The pinna and area over the mastoid process should be inspected for redness and swelling. The ear canal should be examined for redness, discharge, cerumen or foreign body, and any other lesions. The TM should be examined for redness, perforation, and signs of middle ear fluid collection (eg, bulging, distortion, change in normal light reflex). A brief bedside test of hearing (see Hearing Loss: Evaluation of Hearing Loss) should be conducted.
The throat should be examined for erythema, tonsillar exudate, peritonsillar swelling, and any mucosal lesions suggesting cancer.
TMJ function should be assessed by palpation of the joints on opening and closing of the mouth, and notation should be made of trismus or evidence of bruxism.
The neck should be palpated for lymphadenopathy. In-office fiberoptic examination of the pharynx and larynx should be considered, particularly if no cause for the pain is identified on routine examination and if nonotologic symptoms such as hoarseness, difficulty swallowing, or nasal obstruction are reported.
The following findings are of particular concern:
Interpretation of findings
An important differentiator is whether the ear examination is normal; middle and external ear disorders cause abnormal physical findings, which, when combined with history, usually suggest an etiology (see Table 1: Approach to the Patient With Ear Problems: Some Causes of Earache). For example, those with chronic eustachian tube dysfunction have abnormalities of the TM, typically a retraction pocket.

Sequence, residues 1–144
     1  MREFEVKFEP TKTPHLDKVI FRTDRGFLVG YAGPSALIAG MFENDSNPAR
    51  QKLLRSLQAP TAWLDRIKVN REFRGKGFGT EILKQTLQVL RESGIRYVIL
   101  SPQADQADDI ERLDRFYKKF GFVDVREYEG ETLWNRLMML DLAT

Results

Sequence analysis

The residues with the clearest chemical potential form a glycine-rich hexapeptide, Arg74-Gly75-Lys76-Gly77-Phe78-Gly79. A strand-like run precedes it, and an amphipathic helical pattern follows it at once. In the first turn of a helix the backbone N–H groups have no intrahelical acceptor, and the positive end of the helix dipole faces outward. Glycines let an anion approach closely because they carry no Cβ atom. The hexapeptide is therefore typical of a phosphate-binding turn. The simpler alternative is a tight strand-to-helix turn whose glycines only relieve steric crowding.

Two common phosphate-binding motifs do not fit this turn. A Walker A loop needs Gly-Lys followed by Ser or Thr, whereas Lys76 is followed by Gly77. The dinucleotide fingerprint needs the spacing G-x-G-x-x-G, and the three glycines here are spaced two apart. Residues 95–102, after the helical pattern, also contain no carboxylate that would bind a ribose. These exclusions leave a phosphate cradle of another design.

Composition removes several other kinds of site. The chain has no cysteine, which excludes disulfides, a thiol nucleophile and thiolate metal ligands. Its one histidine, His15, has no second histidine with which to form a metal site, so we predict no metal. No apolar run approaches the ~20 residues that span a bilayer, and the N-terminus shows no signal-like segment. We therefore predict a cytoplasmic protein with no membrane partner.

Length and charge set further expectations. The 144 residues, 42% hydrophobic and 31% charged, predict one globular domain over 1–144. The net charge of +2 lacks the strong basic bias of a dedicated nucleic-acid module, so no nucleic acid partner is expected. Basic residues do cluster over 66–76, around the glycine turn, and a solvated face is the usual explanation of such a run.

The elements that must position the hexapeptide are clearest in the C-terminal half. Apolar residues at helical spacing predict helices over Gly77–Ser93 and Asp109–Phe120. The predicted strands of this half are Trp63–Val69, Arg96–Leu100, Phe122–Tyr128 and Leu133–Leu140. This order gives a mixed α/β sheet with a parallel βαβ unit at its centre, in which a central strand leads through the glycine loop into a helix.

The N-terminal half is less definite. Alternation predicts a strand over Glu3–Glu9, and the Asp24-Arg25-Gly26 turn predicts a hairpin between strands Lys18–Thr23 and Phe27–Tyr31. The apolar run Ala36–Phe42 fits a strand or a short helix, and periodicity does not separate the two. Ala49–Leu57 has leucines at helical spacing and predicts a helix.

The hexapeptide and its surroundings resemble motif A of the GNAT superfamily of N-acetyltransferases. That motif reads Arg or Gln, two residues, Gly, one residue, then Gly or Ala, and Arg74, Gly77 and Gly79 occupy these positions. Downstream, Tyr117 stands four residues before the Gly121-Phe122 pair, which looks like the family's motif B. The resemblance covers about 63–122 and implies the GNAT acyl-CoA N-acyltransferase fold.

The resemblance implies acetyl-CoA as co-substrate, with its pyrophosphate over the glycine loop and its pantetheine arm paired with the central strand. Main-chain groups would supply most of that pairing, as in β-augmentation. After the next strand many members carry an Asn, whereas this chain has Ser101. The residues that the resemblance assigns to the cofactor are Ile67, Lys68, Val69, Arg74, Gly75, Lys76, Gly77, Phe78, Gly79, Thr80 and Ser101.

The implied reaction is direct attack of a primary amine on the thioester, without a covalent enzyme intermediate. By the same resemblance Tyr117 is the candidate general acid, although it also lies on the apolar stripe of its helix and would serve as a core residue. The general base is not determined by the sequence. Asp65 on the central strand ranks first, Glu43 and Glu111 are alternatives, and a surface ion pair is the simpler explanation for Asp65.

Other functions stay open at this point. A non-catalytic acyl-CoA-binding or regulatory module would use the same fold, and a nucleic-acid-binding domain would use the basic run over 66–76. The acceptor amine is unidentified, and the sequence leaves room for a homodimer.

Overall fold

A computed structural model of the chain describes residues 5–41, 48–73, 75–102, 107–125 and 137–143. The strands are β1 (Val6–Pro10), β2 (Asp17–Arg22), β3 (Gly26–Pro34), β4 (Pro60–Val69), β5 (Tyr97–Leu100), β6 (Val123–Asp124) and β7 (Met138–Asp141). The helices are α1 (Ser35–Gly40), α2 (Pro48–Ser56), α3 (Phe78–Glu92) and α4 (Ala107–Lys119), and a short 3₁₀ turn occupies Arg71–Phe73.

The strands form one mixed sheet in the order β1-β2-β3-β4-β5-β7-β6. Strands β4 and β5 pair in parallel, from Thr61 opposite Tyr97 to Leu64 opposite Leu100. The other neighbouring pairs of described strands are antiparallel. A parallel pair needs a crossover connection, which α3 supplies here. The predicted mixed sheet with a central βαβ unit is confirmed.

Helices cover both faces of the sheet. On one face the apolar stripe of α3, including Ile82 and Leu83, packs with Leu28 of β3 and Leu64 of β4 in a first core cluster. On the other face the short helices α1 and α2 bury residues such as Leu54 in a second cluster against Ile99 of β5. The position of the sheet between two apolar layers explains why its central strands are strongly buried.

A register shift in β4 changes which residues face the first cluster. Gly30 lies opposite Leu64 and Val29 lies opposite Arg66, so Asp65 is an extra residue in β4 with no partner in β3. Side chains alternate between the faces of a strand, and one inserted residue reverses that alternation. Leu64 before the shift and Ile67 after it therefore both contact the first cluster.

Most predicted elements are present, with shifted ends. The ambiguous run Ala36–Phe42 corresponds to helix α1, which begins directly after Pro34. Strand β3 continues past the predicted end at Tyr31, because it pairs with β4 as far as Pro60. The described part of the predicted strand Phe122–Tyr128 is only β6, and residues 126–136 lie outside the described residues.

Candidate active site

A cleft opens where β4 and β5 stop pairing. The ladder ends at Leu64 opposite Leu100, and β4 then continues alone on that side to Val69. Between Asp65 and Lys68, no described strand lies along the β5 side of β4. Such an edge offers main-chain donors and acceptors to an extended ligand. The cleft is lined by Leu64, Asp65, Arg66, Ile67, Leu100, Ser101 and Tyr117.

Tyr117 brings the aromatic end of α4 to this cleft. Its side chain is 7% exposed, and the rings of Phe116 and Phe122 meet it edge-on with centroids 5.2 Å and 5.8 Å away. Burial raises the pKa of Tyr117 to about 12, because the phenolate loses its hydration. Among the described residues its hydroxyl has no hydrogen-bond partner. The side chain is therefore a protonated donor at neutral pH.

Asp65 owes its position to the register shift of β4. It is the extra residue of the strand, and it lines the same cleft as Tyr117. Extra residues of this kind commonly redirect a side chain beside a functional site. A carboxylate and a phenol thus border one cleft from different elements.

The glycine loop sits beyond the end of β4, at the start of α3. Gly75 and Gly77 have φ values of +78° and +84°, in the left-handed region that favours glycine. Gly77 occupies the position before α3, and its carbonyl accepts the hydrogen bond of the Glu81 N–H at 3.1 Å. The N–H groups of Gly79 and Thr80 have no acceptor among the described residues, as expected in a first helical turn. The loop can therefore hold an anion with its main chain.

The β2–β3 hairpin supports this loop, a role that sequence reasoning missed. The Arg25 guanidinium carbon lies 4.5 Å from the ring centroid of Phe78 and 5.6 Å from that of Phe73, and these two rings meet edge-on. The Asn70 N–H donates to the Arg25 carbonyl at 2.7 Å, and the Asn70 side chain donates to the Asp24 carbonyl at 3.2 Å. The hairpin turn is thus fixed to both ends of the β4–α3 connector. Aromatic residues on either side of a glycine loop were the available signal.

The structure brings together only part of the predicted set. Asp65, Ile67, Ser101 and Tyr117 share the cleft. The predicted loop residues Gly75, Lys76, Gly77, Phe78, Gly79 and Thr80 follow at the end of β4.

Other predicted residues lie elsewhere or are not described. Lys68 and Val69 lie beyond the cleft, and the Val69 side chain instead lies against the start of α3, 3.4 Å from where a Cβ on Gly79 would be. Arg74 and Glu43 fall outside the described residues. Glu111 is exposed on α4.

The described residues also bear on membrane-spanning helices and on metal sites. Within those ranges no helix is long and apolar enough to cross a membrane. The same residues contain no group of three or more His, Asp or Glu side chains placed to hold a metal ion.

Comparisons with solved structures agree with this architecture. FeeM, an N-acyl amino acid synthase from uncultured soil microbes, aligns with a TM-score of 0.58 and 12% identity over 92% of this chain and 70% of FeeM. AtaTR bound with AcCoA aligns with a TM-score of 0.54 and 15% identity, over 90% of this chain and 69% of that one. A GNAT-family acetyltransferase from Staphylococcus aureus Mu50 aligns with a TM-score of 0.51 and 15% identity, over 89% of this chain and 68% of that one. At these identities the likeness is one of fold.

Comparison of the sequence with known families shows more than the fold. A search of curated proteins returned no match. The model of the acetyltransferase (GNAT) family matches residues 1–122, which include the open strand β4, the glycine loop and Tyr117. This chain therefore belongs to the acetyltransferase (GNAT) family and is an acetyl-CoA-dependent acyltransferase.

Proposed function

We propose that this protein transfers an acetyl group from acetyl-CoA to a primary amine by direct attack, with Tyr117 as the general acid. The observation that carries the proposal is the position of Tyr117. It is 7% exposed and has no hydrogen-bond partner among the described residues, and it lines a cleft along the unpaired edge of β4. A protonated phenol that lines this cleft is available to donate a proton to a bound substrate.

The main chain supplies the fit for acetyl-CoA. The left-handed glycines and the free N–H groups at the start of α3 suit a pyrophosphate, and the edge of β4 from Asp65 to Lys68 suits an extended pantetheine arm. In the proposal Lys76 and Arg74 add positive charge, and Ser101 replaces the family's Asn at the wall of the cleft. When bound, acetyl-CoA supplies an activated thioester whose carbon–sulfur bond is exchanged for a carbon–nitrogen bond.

Those with a normal ear examination may have a visible oropharyngeal cause, such as tonsillitis or peritonsillar abscess. Ear pain due to neuralgia has a classic manifestation as brief (usually seconds, always < 2 min) episodes of extremely severe, sharp pain. Chronic ear pain without abnormality on ear examination might be due to a TMJ disorder, but patients should have a thorough head and neck examination (including fiberoptic examination) to rule out cancer.
Most cases are clear after history and physical examination. Depending on clinical findings, nonotologic causes may require testing (see Table 1: Approach to the Patient With Ear Problems: Some Causes of Earache). Those with a normal ear examination, particularly with chronic or recurrent pain, may warrant evaluation with an MRI to rule out cancer.
Underlying disorders are treated.
Pain is treated with oral analgesics; usually an NSAID or acetaminophen is adequate, but sometimes a brief course of an oral opioid is necessary, particularly for cases of severe otitis externa. In cases of severe otitis externa, effective treatment requires suction of debris from the ear canal and insertion of a wick to allow for delivery of antibiotic ear drops to the infected tissue. Topical analgesics (eg, antipyrine-benzocaine combinations) are generally not very effective but can be used on a limited basis.
Patients should be instructed to avoid digging in their ears with any objects (no matter how soft the objects are or how careful the patient claims to be). Also, patients should not irrigate their ears unless instructed by a physician to do so, and then only gently. An oral irrigator should never be used to irrigate the ear.
Last full review/revision January 2009 by Debara L. Tucci, MD, MS